Tummy Trouble

Careful eating habits can drive away the discomfort of indigestion.

All too often when we indulge in our favorite foods, a burning pain and discomfort known as indigestion is quick to follow.

Indigestion can be a symptom of heartburn, which is caused by stomach acid backing up in the esophagus. Most of the time, indigestion causes a burning sensation in the upper abdomen, bloating, belching and nausea. Generally, indigestion is caused by foods with a high fat content, like fried foods and foods rich in oils and creams.

It’s not always easy to get healthy foods when you’re on the road, and in today’s fast-paced world, grabbing fast food is sometimes an everyday event. For the most part, avoiding the foods that seem to give you indigestion can be the best way to treat the problem. For example, if greasier foods seem to settle heavier on your stomach at night, it may be a better idea to try and eat a big lunch and a light dinner.

Of course, counting calories and fat grams is ideal for a healthy diet, but many restaurants don’t have nutritional content for their foods posted. Take a moment to evaluate your options, and try to aim for the lighter fare on the menu. For example, a chicken taco will have much less grease and calories than a beef taco. Some restaurants indicate which dishes are lower in fat, and low fat most always means low indigestion.

Sometimes the problem isn’t what you eat but how you eat it. The old rule about waiting 30 minutes after you eat before exercise still holds true. Exercising with a full stomach is one of the main causes of acid reflux disease, so make sure you have time to sit a while after you eat, especially if you’re eating fatty foods.

Eating too quickly and not drinking enough fluids can create a buildup of gas and acids. Slowing down when you eat and drinking enough with your meal will help neutralize acids from food faster. Although drinking enough is important, drinks that are excessively hot or cold can irritate the lining in your esophagus and create heartburn-like feelings.

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It’s also a good idea to eat dinner at least four hours before going to bed. Eating early can help you to lose weight as well as digest your food more quickly.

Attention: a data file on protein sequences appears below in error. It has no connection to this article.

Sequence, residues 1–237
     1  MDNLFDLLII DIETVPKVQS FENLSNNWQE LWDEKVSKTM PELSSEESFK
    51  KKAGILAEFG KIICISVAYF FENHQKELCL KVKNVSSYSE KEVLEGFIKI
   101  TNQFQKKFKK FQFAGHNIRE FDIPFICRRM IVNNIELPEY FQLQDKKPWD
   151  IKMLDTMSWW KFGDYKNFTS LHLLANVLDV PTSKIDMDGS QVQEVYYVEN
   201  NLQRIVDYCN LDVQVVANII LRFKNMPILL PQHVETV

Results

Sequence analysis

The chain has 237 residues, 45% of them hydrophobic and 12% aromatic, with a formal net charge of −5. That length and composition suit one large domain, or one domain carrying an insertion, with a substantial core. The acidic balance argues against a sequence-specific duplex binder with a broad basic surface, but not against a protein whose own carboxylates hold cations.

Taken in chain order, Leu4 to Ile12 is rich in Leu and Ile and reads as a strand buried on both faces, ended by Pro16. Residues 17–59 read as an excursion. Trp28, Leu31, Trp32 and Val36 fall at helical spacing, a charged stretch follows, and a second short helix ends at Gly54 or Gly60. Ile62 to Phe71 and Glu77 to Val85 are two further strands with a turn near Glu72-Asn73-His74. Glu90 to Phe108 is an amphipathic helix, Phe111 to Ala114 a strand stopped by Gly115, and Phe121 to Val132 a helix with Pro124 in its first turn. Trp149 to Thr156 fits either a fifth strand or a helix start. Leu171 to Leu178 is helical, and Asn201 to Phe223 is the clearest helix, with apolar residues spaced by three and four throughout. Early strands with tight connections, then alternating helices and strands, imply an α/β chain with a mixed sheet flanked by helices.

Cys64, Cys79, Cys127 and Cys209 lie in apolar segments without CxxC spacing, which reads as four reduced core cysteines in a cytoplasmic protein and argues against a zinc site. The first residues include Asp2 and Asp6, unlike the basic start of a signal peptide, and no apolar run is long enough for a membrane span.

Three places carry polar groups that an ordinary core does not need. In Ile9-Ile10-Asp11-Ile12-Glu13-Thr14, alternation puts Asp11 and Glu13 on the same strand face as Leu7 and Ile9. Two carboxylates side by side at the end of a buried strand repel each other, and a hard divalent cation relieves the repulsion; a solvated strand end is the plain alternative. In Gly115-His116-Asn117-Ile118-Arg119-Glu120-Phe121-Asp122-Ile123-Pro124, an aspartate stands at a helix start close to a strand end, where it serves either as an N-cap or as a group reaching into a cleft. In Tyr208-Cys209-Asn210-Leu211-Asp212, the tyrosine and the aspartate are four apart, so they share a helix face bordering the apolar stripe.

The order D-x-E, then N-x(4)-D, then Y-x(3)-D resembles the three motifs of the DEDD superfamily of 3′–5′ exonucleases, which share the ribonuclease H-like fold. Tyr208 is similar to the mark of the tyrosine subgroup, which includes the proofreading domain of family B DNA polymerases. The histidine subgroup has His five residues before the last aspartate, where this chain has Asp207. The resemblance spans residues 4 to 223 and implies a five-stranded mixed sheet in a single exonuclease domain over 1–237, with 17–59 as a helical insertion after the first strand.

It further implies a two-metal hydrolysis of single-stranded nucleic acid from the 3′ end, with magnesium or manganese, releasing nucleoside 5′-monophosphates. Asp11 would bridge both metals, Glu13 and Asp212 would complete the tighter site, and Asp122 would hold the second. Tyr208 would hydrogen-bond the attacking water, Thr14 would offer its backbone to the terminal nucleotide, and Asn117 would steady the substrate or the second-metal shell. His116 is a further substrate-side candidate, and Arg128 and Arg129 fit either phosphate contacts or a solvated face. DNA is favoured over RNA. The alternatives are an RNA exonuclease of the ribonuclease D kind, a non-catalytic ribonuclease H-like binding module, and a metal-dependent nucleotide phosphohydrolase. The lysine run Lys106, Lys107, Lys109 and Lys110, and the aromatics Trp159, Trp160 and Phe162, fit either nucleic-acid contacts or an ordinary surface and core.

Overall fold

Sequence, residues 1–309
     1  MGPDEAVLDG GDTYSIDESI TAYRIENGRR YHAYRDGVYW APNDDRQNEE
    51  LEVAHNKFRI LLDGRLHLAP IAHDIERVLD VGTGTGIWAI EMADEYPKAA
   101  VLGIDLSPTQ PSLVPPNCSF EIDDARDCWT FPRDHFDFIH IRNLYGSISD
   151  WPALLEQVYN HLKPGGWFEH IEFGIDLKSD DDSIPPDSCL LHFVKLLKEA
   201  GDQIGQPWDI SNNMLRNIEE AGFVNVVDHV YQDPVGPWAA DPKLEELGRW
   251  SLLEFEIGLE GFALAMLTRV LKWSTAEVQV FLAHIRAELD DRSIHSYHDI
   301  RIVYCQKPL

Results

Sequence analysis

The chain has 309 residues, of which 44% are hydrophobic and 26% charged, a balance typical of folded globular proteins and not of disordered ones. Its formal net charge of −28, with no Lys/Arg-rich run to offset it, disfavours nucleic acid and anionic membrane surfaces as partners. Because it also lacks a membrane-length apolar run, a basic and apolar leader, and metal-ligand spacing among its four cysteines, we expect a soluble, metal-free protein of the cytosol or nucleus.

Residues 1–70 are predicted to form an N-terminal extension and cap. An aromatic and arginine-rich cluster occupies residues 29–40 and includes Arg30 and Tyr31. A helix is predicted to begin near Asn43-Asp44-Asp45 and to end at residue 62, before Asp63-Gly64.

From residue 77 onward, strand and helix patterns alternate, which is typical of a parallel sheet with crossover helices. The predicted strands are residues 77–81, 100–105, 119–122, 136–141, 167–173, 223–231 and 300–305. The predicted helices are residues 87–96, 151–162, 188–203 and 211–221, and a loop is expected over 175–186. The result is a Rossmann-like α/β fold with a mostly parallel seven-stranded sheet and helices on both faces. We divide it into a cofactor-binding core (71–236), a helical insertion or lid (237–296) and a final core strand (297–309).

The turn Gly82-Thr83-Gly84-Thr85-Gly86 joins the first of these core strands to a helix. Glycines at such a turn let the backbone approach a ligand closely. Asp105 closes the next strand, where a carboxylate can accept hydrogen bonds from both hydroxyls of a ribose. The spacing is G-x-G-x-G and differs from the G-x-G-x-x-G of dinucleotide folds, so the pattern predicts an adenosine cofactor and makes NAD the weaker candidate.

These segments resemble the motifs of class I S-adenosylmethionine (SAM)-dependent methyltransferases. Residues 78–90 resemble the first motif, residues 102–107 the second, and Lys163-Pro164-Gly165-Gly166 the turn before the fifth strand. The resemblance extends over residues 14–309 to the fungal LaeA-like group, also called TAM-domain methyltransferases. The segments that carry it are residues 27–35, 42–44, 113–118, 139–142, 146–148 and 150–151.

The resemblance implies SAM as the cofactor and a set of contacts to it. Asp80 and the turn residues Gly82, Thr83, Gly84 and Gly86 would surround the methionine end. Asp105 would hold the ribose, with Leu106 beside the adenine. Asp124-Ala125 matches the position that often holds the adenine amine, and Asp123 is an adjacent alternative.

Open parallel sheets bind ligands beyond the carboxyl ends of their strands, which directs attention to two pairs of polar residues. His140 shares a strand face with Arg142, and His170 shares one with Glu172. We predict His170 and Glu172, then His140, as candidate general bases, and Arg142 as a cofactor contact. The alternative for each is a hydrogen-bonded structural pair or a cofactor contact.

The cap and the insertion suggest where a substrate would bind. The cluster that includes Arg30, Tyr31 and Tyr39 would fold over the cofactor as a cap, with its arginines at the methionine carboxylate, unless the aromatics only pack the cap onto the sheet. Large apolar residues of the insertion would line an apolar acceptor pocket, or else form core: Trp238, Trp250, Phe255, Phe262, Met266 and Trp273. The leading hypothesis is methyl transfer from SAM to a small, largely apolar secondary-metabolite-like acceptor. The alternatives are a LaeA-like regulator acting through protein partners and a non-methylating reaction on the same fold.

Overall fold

Indigestion isn’t only caused by diet. Sometimes highly emotional or frustrating situations can cause feelings of nausea and heartburn. Smoking can also increase indigestion, especially smoking just before a meal.

Laying down can worsen acid reflux and promote bloating. In fact, staying elevated at night is an excellent way to help indigestion. Some sufferers have found that placing wooden blocks under the head of their bed to elevate their upper abdomen can greatly reduce acid backup in the esophagus.

Treatments for indigestion, heartburn and acid reflux differ, but most quick-fix remedies are calcium-carbonate-based antacids. Calcium-carbonate helps to provide a buffer between excess acids and the stomach lining, thereby reducing the burning sensation. Fortunately, antacids should bring relief almost instantly, but antacids fail to reduce bloating or curtail further acid buildup.

Although most indigestion pain can be fixed with a change in diet, sometimes an ulcer or a condition called gastroesophageal reflux disease (GERD), can be to blame. If your indigestion persists and worsens even with medication, a doctor’s visit is in order.

Simple Cures

  • Eat slowly and avoid foods or drinks that are extremely cold or hot.
  • Try not to eat a big meal less than four hours before going to sleep.
  • Avoid stressful situations, and look for ways to reduce stress.
  • Antacids that are calcium-carbonate-based are excellent for reducing bloating and indigestion pain.

—Kathryn Tuggle